Becoming a Pet-Friendly Community: Good Idea, or Asking for Trouble?
Wednesday, January 16
By Steve Boudreault, Buildium, Boston, MA
Ah, pets. What to do about pets?
There are all sorts of policies out there when it comes to renting to people with pets. Some properties adopt a hardline stance: no pets of any kind. Some properties only allow pets that are in aquariums or cages. Some allow pets up to and including cats, but no dogs. Some allow dogs, but impose a weight limit on the little guys. Properties that allow Great Danes and Russian Wolfhounds are rare, but are out there. Expect a hefty pet deposit, though.
So what's the story? Why so many different approaches to pets? What are some pros and cons? Read on ...
Having a pet-friendly policy can mean more revenue. Some families treat their pets as full-fledged members of the family, and would sooner live on the street with pet in tow than live someplace that forced them to give the pet up. By advertising a pet-friendly policy, your property can be a shining beacon to those who are finding NO DOGS ALLOWED signs everywhere else they look. And they'll likely spread the word to other pet owners who are looking.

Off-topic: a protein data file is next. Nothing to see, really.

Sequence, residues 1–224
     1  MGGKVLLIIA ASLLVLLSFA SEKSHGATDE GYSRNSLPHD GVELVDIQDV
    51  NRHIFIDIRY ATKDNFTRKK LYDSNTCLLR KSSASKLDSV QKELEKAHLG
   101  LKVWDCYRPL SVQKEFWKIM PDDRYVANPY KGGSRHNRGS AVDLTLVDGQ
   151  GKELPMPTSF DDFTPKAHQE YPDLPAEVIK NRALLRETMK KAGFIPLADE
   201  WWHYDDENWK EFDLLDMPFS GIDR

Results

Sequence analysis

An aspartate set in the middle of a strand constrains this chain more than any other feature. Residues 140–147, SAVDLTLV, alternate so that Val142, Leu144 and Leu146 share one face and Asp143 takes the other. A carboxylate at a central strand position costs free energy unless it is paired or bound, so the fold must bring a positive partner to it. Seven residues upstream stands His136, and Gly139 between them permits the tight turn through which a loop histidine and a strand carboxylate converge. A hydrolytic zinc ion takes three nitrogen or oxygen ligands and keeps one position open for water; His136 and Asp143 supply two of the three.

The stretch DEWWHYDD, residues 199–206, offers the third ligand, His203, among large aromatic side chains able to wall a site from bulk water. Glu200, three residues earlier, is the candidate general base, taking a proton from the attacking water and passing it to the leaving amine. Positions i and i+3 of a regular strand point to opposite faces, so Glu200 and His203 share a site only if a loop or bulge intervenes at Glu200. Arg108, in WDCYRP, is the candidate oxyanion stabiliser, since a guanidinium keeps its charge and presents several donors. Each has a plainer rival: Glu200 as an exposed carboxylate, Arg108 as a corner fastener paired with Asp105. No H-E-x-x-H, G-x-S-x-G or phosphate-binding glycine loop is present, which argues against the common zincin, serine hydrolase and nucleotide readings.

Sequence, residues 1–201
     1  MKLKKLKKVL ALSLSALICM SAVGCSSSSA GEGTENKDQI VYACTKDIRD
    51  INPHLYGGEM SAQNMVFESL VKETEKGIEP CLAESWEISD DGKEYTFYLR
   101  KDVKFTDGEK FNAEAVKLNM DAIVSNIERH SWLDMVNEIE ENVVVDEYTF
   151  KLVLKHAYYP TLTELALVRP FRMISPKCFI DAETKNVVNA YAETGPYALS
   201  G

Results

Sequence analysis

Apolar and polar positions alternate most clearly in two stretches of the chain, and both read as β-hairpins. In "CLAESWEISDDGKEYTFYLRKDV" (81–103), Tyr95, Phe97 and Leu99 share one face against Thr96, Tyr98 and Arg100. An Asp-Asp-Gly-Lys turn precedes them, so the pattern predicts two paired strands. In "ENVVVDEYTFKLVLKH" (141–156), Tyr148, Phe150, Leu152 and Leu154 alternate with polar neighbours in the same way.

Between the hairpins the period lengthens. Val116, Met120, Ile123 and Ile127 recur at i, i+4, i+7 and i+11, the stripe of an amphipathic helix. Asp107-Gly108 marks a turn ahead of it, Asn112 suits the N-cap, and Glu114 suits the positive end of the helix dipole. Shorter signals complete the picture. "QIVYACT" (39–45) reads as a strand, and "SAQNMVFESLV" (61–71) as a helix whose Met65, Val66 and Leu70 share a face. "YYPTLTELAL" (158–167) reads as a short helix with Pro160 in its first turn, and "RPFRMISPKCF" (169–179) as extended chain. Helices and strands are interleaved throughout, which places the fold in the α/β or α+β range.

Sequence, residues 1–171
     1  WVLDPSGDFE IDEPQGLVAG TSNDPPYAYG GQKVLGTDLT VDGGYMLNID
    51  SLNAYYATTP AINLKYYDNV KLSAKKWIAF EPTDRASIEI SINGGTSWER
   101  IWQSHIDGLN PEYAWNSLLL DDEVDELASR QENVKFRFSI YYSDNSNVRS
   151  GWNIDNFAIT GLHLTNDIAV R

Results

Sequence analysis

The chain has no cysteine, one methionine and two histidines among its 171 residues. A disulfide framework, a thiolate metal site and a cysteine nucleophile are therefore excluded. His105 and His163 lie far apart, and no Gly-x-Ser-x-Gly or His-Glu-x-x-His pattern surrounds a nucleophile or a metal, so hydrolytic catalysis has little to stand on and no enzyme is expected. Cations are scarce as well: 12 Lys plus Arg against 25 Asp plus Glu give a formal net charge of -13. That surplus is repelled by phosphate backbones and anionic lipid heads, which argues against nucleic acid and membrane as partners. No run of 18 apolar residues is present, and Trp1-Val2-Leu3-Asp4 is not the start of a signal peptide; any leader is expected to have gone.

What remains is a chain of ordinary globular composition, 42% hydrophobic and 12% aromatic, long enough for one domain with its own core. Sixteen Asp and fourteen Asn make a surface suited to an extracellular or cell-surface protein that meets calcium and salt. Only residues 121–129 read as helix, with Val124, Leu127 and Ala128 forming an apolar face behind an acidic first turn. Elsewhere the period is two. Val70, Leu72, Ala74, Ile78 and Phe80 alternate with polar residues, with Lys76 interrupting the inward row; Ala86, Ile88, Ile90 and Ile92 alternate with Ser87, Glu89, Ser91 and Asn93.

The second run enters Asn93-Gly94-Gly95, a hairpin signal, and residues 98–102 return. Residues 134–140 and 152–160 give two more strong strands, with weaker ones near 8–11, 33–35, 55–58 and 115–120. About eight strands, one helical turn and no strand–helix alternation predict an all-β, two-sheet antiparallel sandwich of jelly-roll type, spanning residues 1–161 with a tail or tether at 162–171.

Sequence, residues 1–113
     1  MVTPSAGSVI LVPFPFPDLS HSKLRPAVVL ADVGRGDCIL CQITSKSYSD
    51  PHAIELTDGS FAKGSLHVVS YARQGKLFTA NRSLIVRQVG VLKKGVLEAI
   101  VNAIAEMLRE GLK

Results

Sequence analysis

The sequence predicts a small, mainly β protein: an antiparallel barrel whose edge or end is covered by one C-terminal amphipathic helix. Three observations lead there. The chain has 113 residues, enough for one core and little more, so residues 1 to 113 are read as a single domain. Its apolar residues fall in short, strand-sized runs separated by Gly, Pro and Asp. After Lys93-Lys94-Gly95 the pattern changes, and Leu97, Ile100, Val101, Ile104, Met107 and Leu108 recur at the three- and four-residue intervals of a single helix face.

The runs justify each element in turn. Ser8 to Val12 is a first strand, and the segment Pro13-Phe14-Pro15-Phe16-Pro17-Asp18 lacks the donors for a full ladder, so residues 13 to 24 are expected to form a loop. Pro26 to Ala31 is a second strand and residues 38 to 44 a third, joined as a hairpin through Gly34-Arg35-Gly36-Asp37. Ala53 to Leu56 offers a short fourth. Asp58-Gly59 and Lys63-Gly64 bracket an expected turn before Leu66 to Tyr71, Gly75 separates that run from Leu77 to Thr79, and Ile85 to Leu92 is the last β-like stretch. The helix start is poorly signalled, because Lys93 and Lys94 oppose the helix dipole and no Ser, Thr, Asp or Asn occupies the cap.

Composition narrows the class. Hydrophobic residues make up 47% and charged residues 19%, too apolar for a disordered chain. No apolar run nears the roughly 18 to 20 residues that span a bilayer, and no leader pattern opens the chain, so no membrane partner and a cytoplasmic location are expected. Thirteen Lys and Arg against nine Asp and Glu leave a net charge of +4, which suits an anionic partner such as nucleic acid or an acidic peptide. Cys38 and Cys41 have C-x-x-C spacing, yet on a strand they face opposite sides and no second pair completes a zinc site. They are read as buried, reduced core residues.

More pets can equal a better community. There are numerous studies out there that show a direct connection between pet ownership and happiness. If you've got happy residents, you'll have a happy property. Everyone wants a happy property. Also, there's a greater likelihood that residents will bond because of their pets, meaning a closer-knit community as well.
Pets can be annoying or downright destructive. Some dogs head straight for the bed when their owner leaves and sleep until they come home, but some dogs will bark all day, ceaselessly, which can be a real headache for neighbors. Some cats only use the scratching post, and some prefer the unit's lovely wall-to-wall carpeting. Even an unstable fish tank that takes a tumble can cause hundreds or even thousands of dollars' worth of damage. Be sure to have a pet deposit in place, and make owners aware of excessive noise.
Some owners can be disingenuous. A new resident may hand over a pet deposit while showing the property manager an adorable teacup Pomeranian, and then after the paperwork is signed, sneak in their Great Dane under cover of darkness. If you suspect the ol' bait and switch, stop by unexpectedly to see how the tenant is settling in and listen for a tiny yip or a throaty woof.
Whether you choose to allow pets in your property is ultimately up to you. Just as you'll find pet-loving families who won't move in without their beloved pup, similarly you'll find families who prefer a pet-free zone, especially those with allergies.
So what's your policy when it comes to pets?